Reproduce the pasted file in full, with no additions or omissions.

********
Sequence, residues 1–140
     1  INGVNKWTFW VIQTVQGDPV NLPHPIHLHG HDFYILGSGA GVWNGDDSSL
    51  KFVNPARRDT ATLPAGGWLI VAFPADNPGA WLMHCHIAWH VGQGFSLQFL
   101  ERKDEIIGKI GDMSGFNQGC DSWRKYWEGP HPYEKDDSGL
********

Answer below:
Sequence, residues 1–140
     1  INGVNKWTFW VIQTVQGDPV NLPHPIHLHG HDFYILGSGA GVWNGDDSSL
    51  KFVNPARRDT ATLPAGGWLI VAFPADNPGA WLMHCHIAWH VGQGFSLQFL
   101  ERKDEIIGKI GDMSGFNQGC DSWRKYWEGP HPYEKDDSGL